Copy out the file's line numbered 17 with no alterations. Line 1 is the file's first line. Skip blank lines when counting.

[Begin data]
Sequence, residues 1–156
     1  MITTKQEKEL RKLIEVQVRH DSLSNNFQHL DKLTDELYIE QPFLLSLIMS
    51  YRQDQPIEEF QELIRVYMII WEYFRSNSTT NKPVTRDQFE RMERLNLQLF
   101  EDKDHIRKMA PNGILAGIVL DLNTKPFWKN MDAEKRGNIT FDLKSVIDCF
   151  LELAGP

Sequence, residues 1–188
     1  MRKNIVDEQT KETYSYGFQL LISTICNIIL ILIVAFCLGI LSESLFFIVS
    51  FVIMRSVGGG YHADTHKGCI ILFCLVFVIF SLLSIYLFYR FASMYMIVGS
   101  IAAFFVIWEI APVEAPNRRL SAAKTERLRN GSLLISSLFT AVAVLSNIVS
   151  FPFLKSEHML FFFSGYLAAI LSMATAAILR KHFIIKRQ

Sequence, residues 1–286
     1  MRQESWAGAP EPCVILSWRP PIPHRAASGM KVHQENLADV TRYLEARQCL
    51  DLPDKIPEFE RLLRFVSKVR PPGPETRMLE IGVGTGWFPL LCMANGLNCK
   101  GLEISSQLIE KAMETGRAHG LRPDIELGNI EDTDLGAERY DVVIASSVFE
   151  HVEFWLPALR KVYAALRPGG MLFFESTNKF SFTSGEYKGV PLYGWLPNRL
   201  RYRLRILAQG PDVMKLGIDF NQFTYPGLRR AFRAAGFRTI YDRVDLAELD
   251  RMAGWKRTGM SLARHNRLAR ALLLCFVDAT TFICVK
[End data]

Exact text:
   251  RMAGWKRTGM SLARHNRLAR ALLLCFVDAT TFICVK